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Fast Fact and Concept #17: Patient-Centered Interviewing: Understanding The Illness Experience

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Title: Fast Fact and Concept #17: Patient-Centered Interviewing: Understanding The Illness Experience

Author(s): Ambuel, B.; Weissman, D.

This Fast Fact and Concept provides an outline for assessment of a patients'illness experience, not just their disease, through the medical interview. This material is suitable for discussion on ward rounds or as a handout at a teaching conference or communication skills workshop.


Educational Objective(s):
Learn how to assess the illness experience. Understand components of the FIFE interview.
Clinical Case: You admit Mary, a new patient, to the hospital. Mary has end-stage, metastatic pancreatic cancer. She has not seen a physician since she was given a terminal diagnosis 6 months ago at another institution. She is nutritionally depleted and has an apparent gastrointestinal obstruction causing significant bloating and discomfort. While you are admitting her she informs you that she is curing herself by drinking fresh fruit and vegetable juices. She refuses to discuss advanced directives because she "Does not trust you."

How might you begin to develop a working relationship with Mary? One strategy is to strive to understand both Mary's disease and her illness. Disease refers to a biological, pathophysiological process. Illness refers to the patient's experience. You can assess a patient's illness experience by asking about 4 dimensions-Feelings, Ideas, Function and Expectations. The acronym FIFE can be a helpful reminder.

F = FEELINGS related to the illness, especially fears

· What are you most concerned about?
· Do you have any specific fears or worries right now?
· I imagine you have had many different feelings as you have coped with this illness.
· Sometimes people have fears that they keep to themselves and don't tell their doctor.

I = IDEAS and explanations of the cause

· What do you think might be going on?
· What do you think this pain means?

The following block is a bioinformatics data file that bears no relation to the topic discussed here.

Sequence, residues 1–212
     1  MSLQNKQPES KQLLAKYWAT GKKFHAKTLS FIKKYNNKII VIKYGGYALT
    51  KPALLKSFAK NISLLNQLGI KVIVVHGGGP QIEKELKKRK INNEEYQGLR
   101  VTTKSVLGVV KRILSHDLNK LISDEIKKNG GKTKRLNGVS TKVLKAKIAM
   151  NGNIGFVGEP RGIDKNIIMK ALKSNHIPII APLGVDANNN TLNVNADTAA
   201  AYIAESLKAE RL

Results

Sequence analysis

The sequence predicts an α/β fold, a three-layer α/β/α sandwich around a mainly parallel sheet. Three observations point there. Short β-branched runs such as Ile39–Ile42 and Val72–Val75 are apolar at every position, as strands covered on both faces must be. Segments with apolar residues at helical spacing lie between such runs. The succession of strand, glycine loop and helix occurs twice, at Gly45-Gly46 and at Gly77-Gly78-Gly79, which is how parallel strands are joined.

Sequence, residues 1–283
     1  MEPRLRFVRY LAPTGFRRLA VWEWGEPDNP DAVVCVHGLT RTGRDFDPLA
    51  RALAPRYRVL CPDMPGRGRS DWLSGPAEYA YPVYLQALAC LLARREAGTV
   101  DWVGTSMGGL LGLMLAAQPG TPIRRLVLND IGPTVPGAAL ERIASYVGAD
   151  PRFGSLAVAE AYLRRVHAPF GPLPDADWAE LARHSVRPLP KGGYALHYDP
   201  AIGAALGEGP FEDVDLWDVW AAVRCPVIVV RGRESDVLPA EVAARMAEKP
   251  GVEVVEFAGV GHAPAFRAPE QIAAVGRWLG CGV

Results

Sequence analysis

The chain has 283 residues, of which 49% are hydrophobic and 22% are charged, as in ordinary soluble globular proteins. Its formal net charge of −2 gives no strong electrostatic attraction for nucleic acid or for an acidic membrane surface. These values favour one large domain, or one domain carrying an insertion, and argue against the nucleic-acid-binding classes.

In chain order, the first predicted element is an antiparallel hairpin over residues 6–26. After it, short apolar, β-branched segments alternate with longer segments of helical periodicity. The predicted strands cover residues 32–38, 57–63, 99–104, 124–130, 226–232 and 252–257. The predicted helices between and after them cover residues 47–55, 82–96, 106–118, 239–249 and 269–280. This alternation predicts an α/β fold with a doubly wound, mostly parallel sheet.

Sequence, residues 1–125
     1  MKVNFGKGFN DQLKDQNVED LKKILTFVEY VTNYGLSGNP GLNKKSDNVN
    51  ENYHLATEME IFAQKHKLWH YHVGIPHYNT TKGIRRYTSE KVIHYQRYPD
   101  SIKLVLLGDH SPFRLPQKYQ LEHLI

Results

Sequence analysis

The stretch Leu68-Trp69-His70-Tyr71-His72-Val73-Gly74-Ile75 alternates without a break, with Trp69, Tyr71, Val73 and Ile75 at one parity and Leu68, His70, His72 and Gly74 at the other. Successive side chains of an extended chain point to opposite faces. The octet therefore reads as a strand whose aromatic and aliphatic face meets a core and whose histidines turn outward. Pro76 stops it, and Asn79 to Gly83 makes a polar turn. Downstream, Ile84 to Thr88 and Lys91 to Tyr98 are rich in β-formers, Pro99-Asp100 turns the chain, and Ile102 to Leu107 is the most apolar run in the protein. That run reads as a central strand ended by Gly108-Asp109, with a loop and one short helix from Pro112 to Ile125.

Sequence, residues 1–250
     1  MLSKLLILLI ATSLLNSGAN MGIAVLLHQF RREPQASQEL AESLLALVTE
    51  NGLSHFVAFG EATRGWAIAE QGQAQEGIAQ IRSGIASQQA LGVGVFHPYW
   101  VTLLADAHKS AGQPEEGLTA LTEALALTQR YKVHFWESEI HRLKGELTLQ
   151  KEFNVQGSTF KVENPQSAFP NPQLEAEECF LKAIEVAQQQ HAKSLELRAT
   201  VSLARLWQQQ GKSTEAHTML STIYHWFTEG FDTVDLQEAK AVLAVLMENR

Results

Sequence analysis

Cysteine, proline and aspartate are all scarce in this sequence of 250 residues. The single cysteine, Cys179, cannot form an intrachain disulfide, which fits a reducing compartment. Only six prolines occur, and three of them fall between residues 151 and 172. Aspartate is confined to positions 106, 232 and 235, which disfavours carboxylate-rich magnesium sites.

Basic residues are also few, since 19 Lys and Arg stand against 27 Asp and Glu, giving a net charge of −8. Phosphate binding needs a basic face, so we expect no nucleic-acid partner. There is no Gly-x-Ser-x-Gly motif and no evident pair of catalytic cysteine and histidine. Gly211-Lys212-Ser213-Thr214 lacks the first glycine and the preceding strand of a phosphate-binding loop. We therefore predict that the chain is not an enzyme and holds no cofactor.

· Do you have ideas about what might have caused this illness?


F = FUNCTIONING, the illness' impact on daily life

· How has your illness affected you day to day?
· What have you had to give up because of your illness?
· What goals do you have now in your life? How has your illness affected your goals?
· How does this illness affect important people in your life?

E = EXPECTATIONS of the doctor & the illness

· What do you expect or hope I can do for you today?
· Do you have expectations about how doctors can help?
· What do you hope this treatment will do for you?
· What are your expectations about what might happen with this illness?


Teaching Points:

1. Understanding the patient's illness experience complements but does not replace understanding the disease.
2. Asking FIFE questions takes additional time. As you become experienced you will become more efficient. The time you invest understanding the patient's illness experience can save time later.

References:
Stewart, M, JB Brown, WW Weston, IR McWhinney, CL McWilliam, TR Freeman. Patient Centered Medicine: Transforming the Clinical Method. Sage Publications, Thousand Oaks, California, 1995. Rosenberg, EE, M Lussier & C Beaudoin. Lessons for clinicians from physician-patient communication literature. Arch Fam Med, 6:279-283

(1) Type "Ctrl A" to select all; (2) Type "Ctrl C" to copy; (3) "Paste" into new word processing document; (4) Name and Save.

Contact: David E. Weissman, MD, FACP Palliative Care Program Director Medical College of Wisconsin (P) 414-805-4607 (F) 414-805-4608 [email protected]

Copyright Notice: Users are free to download and distribute Fast Facts for educational purposes only. Citation for referencing: Weissman, D. Fast Fact and Concepts #17: Patient-Centered Interviewing: Understanding the Illness Experience. June, 2000. End-of-Life Physician Education Resource Center www.eperc.mcw.edu.

Disclaimer: Fast Facts provide educational information, this information is not medical advice. Health care providers should exercise their own independent clinical judgment. Some Fast Fact information cites the use of a product in dosage, for an indication, or in a manner other than that recommended in the product labeling. Accordingly, the official prescribing information should be consulted before any such product is used.

Creation Date: 6/2000

Format: Handouts

Purpose: Teaching

Audience(s)
Training: 1st/2nd Year Medical Students, 3rd/4th Year Medical Students, PGY1 (Interns), PGY2-6, Physicians in Practice
Specialty: Anesthesiology, Emergency Medicine, Family Medicine, General Internal Medicine, Geriatrics, Hematology/Oncology, Neurology, OB/GYN, Ophthalmology, Pulmonary/Critical Care, Pediatrics, Psychiatry, Surgery
Non-Physician: Clergy/Chaplains, Nurses, Social Workers

ACGME Competencies: Interpersonal and Communication Skills, Patient Care

Keyword(s): Caring for families, Communications skills, Death pronouncement, Discussing hospice care, Family conference, Giving bad news, Negotiating treatment goals, Personal reflection, Prognosis


The Fast Facts series is distributed for educational use only and does not constitute medical advice. For the most current version of Fast Facts visit the EPERC web site at www.eperc.mcw.edu. This mirror version is provided subject to copyright restrictions for educational use within the Inter-Instutional Collaborating Network on End-of-Life Care (IICN).